- Butterz had a stunning debut year in 2010, creating and riding a wave of new interest in grime—particularly instrumental grime—perfectly timed with the resurrection (or rather, rediscovery) of grime kingpin Terror Danjah. The label has established an already recognizable brand of synth music made of bright, primary colours, tunes that place as much of an emphasis on songwriting and playful jocularity as they do on club-ready beats.
Their first release of 2011 is the first full-fledged Butterz release for Royal-T, the young London producer of "1UP" fame. The 2009 track was grime at its most dramatic and humourous, mixing faux-orchestral pomp with video game sound effects. It's a chiptune aesthetic that Butterz has taken to heart, with many of their signature producers (Swindle, SRC, Mr. Mitch) building tunes out of the resonant and chirpy synths. Like most of the label's prominent A-sides, "Orangeade" gets its own silly video, and the quaint and homespun inanity of the depicted scenes perfectly matches its tinny grandiosity and irreverent nature.
At its core, "Orangeade" is an incredibly simple (but effective) tune based around a whining two-note progression that stutters and chatters around the bend, creating an unforgettable melody out of basic oscillation. The whole thing is buffeted by a few handclaps and sometimes even a stray hi-hat, as if Mr. T is afraid that if he fully completes the tune it's going to get up and walk away out of his hands. It's only when a piano seemingly falls over onto the track at the end—muffling its bratty synth—that you realize you've been listening to the same two notes over and over again for a whole three minutes. Dance music at its best and purest.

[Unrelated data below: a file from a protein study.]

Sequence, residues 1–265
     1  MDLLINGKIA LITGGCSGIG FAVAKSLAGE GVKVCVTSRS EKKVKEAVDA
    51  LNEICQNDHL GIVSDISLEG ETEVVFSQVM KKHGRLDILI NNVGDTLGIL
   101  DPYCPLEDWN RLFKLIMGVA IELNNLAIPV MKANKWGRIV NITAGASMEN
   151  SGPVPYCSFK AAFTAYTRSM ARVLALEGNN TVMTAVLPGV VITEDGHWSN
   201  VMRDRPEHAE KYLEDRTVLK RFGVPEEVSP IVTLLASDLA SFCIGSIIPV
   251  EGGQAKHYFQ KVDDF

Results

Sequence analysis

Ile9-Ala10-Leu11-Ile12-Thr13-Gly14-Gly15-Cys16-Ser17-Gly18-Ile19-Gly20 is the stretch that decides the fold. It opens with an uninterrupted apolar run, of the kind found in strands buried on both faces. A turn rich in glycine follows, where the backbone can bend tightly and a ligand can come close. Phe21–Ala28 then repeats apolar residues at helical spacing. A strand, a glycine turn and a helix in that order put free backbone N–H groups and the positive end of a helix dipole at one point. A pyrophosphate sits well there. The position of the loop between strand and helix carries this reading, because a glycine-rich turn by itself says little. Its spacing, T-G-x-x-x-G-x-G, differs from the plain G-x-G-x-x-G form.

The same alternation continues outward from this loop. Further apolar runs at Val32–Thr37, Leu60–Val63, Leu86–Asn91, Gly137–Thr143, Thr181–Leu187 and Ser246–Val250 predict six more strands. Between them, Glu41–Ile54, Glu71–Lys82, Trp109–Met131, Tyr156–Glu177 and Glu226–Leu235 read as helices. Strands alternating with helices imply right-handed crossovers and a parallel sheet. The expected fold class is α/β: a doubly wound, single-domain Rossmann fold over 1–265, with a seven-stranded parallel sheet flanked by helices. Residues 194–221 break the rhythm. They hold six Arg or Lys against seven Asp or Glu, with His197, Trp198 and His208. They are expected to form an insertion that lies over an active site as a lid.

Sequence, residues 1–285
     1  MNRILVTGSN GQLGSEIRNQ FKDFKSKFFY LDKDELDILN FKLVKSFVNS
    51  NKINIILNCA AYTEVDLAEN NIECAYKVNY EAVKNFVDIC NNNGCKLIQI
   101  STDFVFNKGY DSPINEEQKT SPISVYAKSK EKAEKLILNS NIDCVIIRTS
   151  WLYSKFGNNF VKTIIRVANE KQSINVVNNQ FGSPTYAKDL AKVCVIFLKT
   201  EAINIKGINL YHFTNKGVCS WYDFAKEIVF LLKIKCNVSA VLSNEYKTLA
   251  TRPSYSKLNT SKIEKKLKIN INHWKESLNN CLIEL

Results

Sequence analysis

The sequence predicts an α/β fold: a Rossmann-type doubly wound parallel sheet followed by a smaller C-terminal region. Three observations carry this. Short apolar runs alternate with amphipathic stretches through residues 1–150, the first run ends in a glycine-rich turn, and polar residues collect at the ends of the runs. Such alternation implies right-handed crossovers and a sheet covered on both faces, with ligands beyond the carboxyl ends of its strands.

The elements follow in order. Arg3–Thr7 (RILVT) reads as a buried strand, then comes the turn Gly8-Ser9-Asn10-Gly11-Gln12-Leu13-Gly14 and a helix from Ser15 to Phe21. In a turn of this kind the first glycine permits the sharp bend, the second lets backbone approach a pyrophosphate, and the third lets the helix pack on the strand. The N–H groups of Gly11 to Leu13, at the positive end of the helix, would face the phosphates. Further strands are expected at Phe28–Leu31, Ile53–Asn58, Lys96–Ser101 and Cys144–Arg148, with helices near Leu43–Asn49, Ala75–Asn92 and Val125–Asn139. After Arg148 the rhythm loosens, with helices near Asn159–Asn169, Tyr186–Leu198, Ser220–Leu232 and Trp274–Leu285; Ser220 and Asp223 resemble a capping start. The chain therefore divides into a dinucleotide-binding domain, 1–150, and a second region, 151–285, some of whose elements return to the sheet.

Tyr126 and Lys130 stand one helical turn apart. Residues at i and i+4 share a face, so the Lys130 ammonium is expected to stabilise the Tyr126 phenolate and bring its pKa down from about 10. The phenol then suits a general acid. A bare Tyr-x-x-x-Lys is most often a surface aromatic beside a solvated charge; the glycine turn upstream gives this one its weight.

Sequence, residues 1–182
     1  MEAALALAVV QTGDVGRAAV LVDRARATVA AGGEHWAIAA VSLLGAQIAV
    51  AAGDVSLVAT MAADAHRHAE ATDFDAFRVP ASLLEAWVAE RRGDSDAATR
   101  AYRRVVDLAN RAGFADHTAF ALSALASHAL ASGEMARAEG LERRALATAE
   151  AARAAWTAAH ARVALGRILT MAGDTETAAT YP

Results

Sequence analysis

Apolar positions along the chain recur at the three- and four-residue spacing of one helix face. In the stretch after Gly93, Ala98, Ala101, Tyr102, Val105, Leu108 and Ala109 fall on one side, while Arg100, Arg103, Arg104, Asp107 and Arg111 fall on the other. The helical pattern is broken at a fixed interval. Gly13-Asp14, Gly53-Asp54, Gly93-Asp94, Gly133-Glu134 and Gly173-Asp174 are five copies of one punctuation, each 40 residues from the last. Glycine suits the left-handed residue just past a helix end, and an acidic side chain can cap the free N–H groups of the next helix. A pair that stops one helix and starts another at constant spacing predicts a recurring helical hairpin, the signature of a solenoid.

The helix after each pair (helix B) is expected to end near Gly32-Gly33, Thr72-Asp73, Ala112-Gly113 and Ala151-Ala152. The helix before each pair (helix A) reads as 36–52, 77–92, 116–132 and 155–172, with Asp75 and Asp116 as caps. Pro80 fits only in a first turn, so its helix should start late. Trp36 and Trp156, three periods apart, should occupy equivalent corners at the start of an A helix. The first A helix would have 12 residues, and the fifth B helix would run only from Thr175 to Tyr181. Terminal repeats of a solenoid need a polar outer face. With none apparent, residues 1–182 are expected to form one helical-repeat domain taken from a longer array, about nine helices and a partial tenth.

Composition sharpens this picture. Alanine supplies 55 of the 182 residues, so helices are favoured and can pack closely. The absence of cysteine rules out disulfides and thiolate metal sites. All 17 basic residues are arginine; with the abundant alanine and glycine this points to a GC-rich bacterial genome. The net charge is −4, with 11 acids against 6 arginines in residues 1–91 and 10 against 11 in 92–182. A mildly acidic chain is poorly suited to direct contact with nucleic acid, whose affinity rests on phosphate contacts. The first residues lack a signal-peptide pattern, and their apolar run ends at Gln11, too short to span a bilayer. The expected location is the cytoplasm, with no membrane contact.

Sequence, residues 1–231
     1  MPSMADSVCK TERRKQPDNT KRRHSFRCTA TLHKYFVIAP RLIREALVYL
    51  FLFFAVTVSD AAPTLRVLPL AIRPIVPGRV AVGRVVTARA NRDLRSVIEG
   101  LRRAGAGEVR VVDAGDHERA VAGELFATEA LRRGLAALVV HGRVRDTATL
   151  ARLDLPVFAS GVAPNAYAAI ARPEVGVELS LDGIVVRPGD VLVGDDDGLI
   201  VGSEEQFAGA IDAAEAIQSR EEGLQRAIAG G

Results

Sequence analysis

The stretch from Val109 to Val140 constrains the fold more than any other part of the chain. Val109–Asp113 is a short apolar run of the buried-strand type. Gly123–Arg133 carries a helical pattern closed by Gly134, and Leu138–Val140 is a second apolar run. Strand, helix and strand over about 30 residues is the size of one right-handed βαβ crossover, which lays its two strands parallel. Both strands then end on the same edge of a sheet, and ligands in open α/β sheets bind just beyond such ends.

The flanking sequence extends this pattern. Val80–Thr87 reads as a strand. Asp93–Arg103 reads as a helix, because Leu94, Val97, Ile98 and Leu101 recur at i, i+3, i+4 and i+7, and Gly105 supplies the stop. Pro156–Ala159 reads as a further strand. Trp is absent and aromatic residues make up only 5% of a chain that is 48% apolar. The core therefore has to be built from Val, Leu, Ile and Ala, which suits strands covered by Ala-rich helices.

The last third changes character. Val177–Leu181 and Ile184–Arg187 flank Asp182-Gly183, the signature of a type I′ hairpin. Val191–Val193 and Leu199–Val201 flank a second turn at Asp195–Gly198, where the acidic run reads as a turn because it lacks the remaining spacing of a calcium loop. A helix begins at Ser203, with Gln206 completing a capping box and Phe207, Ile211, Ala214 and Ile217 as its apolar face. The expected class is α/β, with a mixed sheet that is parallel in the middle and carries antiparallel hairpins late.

The tracks on the b-side have a hard time living up to the head-rush heights of "Orangeade," but they're just as fascinating and almost as infectious. The "Devil Mix" of "Music Please" takes the structural minimalism of "Orangeade" to a challenging new extreme, as it lacks a bassline—outside of a few grumbling synth notes—and a kick drum. Dissonant chords, dinky rimshots and those same poor, wandering hi-hats dance around hesitantly, carefully avoiding all the spots where the kick would go; it's a disorienting bit of trickery that transforms the sampled refrain of "music please!" from gruff bravado to just plain pleading.
On the contrary, the bouncy exuberance of "The Whistle Song" seems to burst out of the withered skin of its exhausted predecessor, nicely wearing Royal-T's vaunted garage influence on his orange-stained sleeve. In truth, it's somewhere between old-school eski, UK funky, and garage, but it's all Royal-T as a whistling refrain tumbles down jagged steps and a gurgling bass synth coughs up monotonous melodies. Monotony can be good, and as Royal-T strips his sound down to the basics he proves himself almost as adept as a primitive pop auteur as he is grime producer. And that's really what Butterz is all about: pop and circumstance, no pomp necessary.
B1 The Whistle Song
B2 Music Please (Devil Mix)